Today, the main concern regarding Baha’is is their human rights and that they, like other Iranians, have rights as stipulated in the Iranian Constitution. Some say that Baha’is are human beings and have their own ideology. Others openly reject their ideology – even believe that Baha’is pretend to be oppressed – yet demand that their rights be restored. Despite all this, one issue is still ambiguous and has not yet been researched as it should. Why are Baha’is subjected to such attacks? and more importantly, why do they put up with these attacks? and how have they succeeded in such constructive perseverance?

Baha’is could retain their rights to a small degree if they were not so committed to their ideals. All they need to do is to claim they are Muslim on their university applications, or when requesting a work permit. If they would announce their conversion to Islam in a small, insignificant column of even an unreliable newspaper, they would be treated like royalty. Their enemies would be content if they did that. Then, why don’t Baha’is choose such an easy path that many of their well-wishing, sympathetic fellow citizens recommend? Some believe the reason is religious fanaticism, trying to look oppressed or even fear of being excommunicated from the Baha’i community. However, Baha’is have a different viewpoint.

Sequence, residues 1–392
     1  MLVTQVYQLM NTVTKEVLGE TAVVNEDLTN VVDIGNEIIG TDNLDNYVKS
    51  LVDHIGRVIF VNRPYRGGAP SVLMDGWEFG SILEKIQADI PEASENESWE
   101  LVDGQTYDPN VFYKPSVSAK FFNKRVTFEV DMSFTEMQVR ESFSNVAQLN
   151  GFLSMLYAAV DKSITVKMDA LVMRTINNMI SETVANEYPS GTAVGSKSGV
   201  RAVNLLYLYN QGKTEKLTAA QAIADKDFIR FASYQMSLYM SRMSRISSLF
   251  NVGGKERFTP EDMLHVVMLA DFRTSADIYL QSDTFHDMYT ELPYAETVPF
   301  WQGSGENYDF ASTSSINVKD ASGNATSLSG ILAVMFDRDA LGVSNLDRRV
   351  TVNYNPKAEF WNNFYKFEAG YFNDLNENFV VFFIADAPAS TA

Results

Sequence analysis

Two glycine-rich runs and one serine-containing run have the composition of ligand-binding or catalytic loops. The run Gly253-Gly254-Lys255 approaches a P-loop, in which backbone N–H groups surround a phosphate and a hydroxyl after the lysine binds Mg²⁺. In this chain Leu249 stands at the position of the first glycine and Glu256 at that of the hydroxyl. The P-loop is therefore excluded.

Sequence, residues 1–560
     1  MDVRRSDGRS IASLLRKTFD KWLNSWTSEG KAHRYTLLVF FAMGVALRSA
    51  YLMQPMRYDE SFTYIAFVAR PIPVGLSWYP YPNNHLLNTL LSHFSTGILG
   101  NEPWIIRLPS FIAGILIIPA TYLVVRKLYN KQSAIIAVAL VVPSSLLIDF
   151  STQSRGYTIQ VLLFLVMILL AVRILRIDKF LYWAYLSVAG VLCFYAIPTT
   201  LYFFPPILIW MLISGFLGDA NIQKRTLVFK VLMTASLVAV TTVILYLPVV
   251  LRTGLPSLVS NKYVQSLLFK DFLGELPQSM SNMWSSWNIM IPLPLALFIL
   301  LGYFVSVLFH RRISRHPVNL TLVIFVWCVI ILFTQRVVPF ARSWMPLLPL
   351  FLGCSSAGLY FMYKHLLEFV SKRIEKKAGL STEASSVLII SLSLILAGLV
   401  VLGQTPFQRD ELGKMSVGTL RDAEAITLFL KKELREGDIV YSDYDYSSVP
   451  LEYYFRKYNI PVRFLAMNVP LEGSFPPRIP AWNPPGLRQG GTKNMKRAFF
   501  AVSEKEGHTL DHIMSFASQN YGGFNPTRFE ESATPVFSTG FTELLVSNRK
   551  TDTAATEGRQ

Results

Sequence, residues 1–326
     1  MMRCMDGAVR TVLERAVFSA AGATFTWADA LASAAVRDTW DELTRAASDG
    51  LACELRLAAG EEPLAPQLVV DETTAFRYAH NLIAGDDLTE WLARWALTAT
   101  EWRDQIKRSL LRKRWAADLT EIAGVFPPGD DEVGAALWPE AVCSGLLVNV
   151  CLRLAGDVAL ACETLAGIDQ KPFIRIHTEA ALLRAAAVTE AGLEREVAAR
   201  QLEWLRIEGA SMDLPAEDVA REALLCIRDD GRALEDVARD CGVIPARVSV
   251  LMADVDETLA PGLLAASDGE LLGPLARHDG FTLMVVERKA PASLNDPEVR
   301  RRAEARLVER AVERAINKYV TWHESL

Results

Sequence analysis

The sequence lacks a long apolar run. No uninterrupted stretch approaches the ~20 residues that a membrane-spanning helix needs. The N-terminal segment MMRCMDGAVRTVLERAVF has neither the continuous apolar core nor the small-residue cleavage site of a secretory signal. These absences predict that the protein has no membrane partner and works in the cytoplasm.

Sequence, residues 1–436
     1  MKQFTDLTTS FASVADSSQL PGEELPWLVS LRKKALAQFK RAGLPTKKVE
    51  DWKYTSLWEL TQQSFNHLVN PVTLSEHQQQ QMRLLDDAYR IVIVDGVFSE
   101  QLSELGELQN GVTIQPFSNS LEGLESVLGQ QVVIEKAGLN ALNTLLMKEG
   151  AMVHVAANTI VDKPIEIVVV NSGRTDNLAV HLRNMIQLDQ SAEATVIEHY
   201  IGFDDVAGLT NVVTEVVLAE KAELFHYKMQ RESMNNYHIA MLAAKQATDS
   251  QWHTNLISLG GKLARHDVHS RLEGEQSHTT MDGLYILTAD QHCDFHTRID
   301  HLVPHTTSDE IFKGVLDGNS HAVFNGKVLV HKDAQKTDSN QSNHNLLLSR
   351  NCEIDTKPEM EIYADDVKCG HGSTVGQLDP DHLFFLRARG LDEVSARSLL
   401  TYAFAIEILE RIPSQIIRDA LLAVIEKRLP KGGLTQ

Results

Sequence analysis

First and foremost, they don’t have a good relationship with falsehood, and avoid it as much as possible, to such an extent that they would prefer to be a non-believer rather than to be an imposter. This is a phenomenon that friends and foes both have acknowledged in recent years. Second, they recognize the oppression against them, but they refuse to pretend to be oppressed. Just like any other human being, they love life and want to take advantage of its many gifts. The fact that their name is associated with the word “oppressed” is not their heart’s desire, but is something that has been imposed upon them. They don’t desire to go to prison, lose their jobs, be deprived of education or be subjected to contempt, disrespect and execution, and this is not a point that needs to be proven. Third, they know very well that one lie is bound to be followed by several more lies, and is like a swamp that they would sink farther into with every move. These are issues that are brought up regardless of the truth or falsehood of their ideology, and therefore calling them religious fanatics due to their avoidance of lying is futile and meaningless. They disagree with lying as a matter of principle, and believe that whoever takes that route will sooner or later have to face the consequences. There is copious historical and contemporary evidence to prove this point.